not going to work is harder than it looks
I wrote this blog post about four months ago - struggling with my new identity as 'stay-at-home mom', and mourning the loss of the one thing I had identified myself as, for the past 10+ years: hard working go-getter -- great at my job with endless career aspirations. Four months later, back home in Southern California, and still enjoying every moment of my time with Ava (that part has never changed), I now feel so at peace with my decision to be home full-time with her during these precious months. I have created new creative outlets for myself that have left me feeling so fulfilled and energized. I truly feel like I'm where I'm supposed to be, at this special time in my life. But the feelings I talked about in this blog post, in what feels like centuries ago, are still very real and I think parents who feel torn between work and staying home might be able to relate. So I've decided to share this deeply personal blog post today.
We’ve heard it all before. You never get a break. It’s thankless work. The hardest job I’ve ever had. And that is all SO true. But it is also so wonderful, in every sense of that exact word. Watching a little human discover the world for the first time… and then to watch them rediscover it, with that same sense of wonder. It’s priceless. And one of the greatest joys in this world.
But this is not what I’m talking about. Ironically enough, staying at home with a young child comes at a price. A deep-rooted, internal, gotta-dig-a-little-to-get-at-it price. And maybe I didn’t realize it until this morning. After spending a little over 8 months at home with our sweet little girl.
And maybe it’s not so much about staying home, as it is not ‘going to work’. Although your hours are longer than most anyone in the corporate world, and even with a very supportive partner who would never mutter a word about it, you still get this nagging feeling like you aren’t contributing. To the income that helps keep your household afloat. And to society as a whole.
This is the very reason why I was hell-bent on being a working mom. I wanted to CONTRIBUTE. To feel justified in managing my money any way I want to manage it – save it, spend it, invest it. And no one could comment. And if they did, I could shoot back that I work hard for my money.
But now... now there is no price attached to what I do. I’m still working hard. Hands down harder than before. But no raises are handed out. There is no yearly employee review, pats on the back, or bonus checks to cash. There is no gorgeous leather purse purchased after said bonus, to remind me of how damn hard I work and how damn good I am at my job.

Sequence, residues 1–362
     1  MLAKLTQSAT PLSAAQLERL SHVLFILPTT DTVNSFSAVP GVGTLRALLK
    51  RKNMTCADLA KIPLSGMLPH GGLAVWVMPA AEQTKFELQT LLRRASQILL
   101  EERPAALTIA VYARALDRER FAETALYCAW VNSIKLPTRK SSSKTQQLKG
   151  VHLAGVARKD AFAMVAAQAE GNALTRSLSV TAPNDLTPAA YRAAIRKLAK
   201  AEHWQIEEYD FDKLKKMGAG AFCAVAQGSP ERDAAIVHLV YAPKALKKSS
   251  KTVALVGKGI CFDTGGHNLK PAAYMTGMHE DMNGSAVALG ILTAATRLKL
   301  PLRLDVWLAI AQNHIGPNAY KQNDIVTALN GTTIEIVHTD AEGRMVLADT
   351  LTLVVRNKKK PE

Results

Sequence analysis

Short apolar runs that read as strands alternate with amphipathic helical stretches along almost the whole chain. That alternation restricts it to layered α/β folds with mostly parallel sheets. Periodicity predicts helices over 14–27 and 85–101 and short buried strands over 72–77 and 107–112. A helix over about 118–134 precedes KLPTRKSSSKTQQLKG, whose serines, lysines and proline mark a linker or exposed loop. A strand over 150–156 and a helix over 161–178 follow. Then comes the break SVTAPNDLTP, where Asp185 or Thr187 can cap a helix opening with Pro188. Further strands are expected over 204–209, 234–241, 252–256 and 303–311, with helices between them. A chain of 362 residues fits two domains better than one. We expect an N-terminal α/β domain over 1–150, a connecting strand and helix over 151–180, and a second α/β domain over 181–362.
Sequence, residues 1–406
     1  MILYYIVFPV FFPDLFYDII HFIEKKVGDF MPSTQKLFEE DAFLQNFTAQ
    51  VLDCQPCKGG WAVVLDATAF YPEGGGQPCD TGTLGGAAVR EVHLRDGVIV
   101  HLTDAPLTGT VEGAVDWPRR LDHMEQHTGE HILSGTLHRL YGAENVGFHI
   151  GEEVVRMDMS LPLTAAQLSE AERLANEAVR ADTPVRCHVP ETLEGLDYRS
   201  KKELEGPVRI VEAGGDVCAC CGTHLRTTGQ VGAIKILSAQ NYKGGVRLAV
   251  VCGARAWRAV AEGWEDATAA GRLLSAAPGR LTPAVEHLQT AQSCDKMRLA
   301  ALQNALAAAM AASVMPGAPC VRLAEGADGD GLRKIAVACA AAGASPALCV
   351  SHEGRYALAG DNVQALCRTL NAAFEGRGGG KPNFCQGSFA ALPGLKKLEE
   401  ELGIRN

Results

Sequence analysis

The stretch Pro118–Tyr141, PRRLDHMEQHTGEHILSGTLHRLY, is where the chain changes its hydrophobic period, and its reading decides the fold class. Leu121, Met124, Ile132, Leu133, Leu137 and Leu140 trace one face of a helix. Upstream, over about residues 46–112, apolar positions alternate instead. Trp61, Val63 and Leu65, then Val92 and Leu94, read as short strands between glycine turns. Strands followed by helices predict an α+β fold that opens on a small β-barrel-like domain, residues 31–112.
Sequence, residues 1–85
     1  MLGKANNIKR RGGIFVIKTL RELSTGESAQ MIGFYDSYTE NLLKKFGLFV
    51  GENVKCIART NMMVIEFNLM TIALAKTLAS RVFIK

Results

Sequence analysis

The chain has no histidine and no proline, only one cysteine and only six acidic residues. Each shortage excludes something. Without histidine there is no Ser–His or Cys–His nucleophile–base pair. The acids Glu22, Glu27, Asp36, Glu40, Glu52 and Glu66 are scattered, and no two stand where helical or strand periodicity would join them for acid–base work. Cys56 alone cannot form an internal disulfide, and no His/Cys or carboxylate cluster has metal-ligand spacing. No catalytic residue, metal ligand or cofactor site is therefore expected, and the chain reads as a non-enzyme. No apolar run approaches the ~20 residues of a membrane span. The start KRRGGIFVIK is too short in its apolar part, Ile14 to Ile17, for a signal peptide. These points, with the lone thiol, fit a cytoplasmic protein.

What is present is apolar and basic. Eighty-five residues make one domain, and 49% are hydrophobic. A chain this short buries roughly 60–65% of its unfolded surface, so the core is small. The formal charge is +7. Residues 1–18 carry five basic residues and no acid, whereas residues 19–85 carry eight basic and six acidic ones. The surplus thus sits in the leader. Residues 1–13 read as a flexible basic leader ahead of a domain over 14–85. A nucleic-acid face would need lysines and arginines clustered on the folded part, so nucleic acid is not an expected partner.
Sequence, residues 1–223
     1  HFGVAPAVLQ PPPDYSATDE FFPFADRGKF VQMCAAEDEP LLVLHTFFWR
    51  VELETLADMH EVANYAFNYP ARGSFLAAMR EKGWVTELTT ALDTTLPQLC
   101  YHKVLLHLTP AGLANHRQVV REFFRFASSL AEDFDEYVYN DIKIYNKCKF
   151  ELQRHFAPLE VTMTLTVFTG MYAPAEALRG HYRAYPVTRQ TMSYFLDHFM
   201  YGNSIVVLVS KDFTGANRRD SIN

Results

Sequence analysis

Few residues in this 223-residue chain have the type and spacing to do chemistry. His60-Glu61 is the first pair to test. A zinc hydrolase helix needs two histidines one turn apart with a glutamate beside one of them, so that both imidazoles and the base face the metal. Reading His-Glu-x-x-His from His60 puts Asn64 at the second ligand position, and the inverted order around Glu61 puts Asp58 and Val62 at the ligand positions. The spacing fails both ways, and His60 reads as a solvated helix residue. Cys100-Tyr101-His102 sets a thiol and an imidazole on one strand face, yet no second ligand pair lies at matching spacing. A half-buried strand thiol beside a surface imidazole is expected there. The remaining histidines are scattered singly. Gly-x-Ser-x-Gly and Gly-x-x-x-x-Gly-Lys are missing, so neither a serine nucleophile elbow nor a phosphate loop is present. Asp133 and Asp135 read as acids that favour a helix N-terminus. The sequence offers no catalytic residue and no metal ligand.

With these lack of reminders comes a creeping insecurity. Am I doing enough? I shouldn’t watch TV during the day… 9am TV OFF! I won’t be one of THOSE stay-at-home-moms. I’ll only be home until she’s a year old. THEN I will get back into the work force because there is NO WAY I’m going to be out of the marketing-game for more than a year. Am I still relevant? I need to stay relevant! Professional development! That’s it… I’ll take a couple courses in my ‘spare’ time.
It’s hard. And I struggle. As a girl who has worked since the day I turned 16. As a young adult who held down three concurrent jobs after I moved away from home. And as a woman who is still paying off student loans after working hard to put myself though college. Bringing in a paycheck and being GOOD at what I do – and getting praise for how I do it. It’s important to me. And still a big part of my identity.
So how do I come to terms with the fact that my baby-boss can’t verbalize how much she loves and appreciates me? Or the reality that I no longer get paid in US currency, but in the currency of baby coos and giggles? Or the new lunch break, that comes at unpredictable times, with a full hour nap that isn't a guarantee? Or the feeling that you’re not doing a good job, delivered not in a yearly review with your manager, but rather by a fussy baby reminding you that you COMPLETELY FORGOT her afternoon feeding.
Well, eager reader… I’m sorry to admit that I don’t know. I haven’t figured it out. And I don’t know if I ever will. And that’s okay. Because I’m taking each day as it comes, and finding joy in the mundane and happiness in the extraordinary. I don’t know where I’ll be this time next year. But what I do know is that this experience is forcing me to grow in ways I never thought possible. I am more patient, less stressed, more creative, less rested, and fulfilled in a whole new way I never could have predicted. And those are all wonderful things to have gained during this particular season of my life.
*Photos by Carrie Vines Photography